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Mutation and selection strategies for incremental evolution

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If you have a question about this talk, please contact Leandro Minku.

Host: Peter Tino

Artificial evolutionary systems often exhibit very low diversity and bounded complexity. I will give an overview of a number of projects, carried out with research partners and students, that include addressing these shortcomings within their aims: research into critical mutation rates for the maintenance of allelic diversity; mutation rate control for extinction-avoiding novel adaptation; the role of transcription errors in discovering behaviours inaccessible to incremental genetic evolution alone; and selection complexification strategies for incremental evolution. I will then look forward and discuss three approaches to the evolution of intelligent agents, more specifically to tackling the requirement to find an evolutionary path from a random or primordial soup to a sufficient behaviour: scaffolding selection with increasingly complex tasks, searching for novel behaviours, and seeding evolution by artificial selection with the results of (long-term or open-ended) evolution by natural selection. Examples of evolved agents will be shown in simple two-and three-dimensional environments.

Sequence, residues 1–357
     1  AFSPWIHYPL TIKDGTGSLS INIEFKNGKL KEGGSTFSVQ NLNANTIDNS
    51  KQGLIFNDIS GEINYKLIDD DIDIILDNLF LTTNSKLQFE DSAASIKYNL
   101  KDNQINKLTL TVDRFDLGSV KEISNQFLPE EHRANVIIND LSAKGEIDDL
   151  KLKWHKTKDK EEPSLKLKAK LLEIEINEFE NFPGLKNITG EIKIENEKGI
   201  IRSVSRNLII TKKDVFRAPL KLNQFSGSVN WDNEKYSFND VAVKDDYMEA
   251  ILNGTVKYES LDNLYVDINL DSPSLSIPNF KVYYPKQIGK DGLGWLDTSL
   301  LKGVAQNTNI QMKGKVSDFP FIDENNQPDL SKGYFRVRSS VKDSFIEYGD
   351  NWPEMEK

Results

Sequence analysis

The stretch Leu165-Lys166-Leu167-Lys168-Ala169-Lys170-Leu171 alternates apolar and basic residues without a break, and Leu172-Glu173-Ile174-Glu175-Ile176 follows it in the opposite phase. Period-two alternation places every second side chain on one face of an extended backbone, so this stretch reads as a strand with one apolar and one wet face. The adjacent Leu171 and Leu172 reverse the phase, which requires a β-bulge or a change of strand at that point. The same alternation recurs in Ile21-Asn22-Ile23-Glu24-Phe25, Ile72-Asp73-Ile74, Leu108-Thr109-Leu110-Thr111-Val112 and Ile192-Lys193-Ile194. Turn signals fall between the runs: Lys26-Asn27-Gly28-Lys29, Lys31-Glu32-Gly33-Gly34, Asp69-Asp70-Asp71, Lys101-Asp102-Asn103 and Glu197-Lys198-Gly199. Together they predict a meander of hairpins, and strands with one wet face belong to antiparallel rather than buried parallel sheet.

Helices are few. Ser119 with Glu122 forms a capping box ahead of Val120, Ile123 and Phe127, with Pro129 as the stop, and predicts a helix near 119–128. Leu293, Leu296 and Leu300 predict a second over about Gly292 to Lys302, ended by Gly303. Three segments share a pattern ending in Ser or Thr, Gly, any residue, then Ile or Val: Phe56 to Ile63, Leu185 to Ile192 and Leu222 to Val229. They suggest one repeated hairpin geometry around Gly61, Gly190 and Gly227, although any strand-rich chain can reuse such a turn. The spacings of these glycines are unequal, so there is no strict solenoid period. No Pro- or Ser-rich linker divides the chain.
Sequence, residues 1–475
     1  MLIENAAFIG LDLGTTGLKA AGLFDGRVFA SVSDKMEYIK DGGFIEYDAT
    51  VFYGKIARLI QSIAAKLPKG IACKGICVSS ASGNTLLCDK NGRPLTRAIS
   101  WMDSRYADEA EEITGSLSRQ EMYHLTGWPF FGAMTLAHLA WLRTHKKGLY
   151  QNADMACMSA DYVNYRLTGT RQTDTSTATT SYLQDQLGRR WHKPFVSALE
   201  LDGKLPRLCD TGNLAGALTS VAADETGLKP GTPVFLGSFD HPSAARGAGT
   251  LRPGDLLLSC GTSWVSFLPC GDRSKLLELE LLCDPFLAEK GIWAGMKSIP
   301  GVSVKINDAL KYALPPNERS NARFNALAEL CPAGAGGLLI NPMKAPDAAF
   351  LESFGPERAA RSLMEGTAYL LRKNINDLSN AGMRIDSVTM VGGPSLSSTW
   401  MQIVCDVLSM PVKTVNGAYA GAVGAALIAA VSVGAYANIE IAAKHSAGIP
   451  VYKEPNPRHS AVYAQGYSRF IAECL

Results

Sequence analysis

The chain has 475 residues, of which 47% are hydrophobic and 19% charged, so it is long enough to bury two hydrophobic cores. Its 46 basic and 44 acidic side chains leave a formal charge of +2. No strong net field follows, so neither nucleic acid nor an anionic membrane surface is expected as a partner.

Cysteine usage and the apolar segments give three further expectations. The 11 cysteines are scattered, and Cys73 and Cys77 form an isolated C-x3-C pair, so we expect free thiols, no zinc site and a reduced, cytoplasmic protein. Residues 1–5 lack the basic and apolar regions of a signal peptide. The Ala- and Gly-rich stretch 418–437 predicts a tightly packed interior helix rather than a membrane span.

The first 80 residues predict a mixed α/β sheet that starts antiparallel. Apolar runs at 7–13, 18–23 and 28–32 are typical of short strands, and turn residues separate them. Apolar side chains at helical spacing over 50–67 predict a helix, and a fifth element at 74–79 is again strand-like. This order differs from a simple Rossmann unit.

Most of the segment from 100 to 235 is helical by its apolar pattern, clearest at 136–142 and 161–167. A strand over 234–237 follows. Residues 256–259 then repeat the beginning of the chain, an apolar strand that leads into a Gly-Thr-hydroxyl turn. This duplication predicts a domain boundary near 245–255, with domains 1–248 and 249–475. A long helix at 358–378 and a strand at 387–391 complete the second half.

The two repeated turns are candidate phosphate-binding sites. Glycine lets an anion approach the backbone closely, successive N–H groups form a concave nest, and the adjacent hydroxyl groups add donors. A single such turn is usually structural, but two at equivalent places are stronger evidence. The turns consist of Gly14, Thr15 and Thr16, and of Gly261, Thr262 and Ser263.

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This talk is part of the Artificial Intelligence and Natural Computation seminars series.

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